A heckler from the Falun Gong spiritual movement, who entered White House grounds as a reporter, interrupted a formal arrival ceremony for Chinese President Hu Jintao on Thursday, prompting President George W Bush to apologise to his guest.
After being welcomed by Bush, the Chinese president was just beginning his response when a woman, who had been allowed into the press section, started shouting. She was escorted away by a uniformed US guard.
"President Hu, your days are numbered. President Bush, make him stop persecuting Falun Gong," the woman yelled. US officials later identified her as Wang Wenyi, 47, a reporter with The Epoch Times, an English-language publication strongly supportive of the meditation movement that is banned in China.
"This was unfortunate and I'm sorry this happened," Bush told Hu, according to Dennis Wilder, a senior official with the National Security Council.
The Secret Service charged Wang with disorderly conduct under local statutes. The US Attorney's office was weighing federal charges of "willing intimidation or disruption of a foreign official," said Secret Service spokesman Eric Zahren.
Outside the White House, hundreds of yellow-clad Falun Gong disciples, Taiwanese nationalists, and Tibetan youth group members demonstrated against Hu and his government.
The protesters denounced China's human rights record, its missile build-up near Taiwan and its 55-year-long rule over the Himalayan Buddhist region of Tibet.
"Communist Party ½ Tyranny + Lies," read a yellow banner, carried by one female member of Falun Gong, which China outlawed and brutally crushed in 1999.
"Taiwan is not a part of China," read a placard hoisted by one of around 300 Taiwan activists, who reject China's claim of sovereignty over the island. Tibetans, mostly US-based students, called for independence for their homeland.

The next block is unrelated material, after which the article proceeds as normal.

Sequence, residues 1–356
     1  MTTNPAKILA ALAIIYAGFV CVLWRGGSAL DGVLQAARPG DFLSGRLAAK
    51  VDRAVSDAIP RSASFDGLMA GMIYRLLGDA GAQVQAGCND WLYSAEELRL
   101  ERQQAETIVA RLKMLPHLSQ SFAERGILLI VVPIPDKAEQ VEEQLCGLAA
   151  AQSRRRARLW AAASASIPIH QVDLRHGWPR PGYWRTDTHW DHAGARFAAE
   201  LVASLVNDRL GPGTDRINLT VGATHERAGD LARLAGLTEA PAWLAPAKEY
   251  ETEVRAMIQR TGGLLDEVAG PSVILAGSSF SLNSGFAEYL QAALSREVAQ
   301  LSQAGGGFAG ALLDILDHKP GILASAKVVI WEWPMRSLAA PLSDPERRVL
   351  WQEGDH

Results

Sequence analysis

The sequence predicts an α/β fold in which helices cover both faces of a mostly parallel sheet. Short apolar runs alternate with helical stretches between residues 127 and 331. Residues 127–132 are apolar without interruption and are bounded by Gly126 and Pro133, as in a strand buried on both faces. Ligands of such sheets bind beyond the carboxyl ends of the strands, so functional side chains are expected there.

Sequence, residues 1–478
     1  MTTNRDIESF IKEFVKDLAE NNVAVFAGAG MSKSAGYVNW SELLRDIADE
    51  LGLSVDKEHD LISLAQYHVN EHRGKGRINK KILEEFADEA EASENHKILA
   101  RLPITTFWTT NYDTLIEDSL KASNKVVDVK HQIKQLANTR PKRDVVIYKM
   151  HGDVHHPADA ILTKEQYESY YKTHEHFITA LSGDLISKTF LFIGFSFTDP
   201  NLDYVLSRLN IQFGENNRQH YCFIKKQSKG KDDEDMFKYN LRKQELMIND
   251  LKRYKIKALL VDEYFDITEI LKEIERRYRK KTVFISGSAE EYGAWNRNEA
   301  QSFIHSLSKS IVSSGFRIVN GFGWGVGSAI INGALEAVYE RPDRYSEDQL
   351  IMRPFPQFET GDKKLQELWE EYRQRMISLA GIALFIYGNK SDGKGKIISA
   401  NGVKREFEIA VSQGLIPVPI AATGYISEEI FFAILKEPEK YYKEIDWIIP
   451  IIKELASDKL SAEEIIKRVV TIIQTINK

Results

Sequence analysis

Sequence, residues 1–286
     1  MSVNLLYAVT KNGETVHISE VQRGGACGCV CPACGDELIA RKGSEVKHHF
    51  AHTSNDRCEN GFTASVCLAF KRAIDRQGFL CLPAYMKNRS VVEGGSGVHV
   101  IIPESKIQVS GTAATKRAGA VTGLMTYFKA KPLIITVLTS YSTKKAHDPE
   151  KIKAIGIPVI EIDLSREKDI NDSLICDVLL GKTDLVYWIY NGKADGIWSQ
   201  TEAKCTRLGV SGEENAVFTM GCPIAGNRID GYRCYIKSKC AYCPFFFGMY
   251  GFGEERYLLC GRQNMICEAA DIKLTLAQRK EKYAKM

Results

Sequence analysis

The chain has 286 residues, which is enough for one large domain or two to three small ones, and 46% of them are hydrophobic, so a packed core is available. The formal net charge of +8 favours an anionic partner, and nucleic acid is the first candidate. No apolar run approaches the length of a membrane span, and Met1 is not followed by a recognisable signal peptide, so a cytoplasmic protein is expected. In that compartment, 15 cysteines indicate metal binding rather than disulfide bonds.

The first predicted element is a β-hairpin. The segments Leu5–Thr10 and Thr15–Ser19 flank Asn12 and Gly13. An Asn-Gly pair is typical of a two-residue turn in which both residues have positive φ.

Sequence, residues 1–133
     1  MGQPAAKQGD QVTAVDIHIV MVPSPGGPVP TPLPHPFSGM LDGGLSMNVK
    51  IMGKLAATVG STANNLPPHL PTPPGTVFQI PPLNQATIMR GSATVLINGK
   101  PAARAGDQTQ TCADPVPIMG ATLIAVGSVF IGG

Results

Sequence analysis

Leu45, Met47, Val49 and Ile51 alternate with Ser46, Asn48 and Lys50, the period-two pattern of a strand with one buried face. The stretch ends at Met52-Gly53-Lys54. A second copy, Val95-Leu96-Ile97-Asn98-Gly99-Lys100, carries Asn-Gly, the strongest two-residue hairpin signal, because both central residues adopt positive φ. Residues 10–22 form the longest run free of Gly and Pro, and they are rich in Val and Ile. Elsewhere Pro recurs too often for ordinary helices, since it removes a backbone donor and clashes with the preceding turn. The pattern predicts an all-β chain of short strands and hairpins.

In China, Chinese television news carried no mention of the Falun Gong protest. BBC and CNN news reports -- available in hotels and residential compounds largely used by foreigners -- were largely blocked by censors, with viewers experiencing several minutes of silence during reports on Hu's White House visit. Less sensitive footage of Hu and Bush meeting and shaking hands was allowed through.
A US official said Hu's team was probably offended by the incident. "The hard-liners on Hu's team are going to ask, why did it take so long for us to pick her up. It is not a good thing," he said, speaking on condition of anonymity.
Zahren of the Secret Service said the woman had passed through "all appropriate levels of security," including a metal detector. She was allowed into the event under a temporary press pass.
Falun Gong, which thrives overseas despite being largely stamped out in China, alleges that government persecution of the group includes a vast system of concentration camps, where doctors harvest inmates' organs for transplants.
China has vehemently denied this, but a UN investigator is examining the allegation.
In remarks at Hu's arrival ceremony, Bush did not mention Falun Gong, but he said he would discuss human rights. He urged Hu to allow "the Chinese people the freedom to assemble, to speak freely and to worship."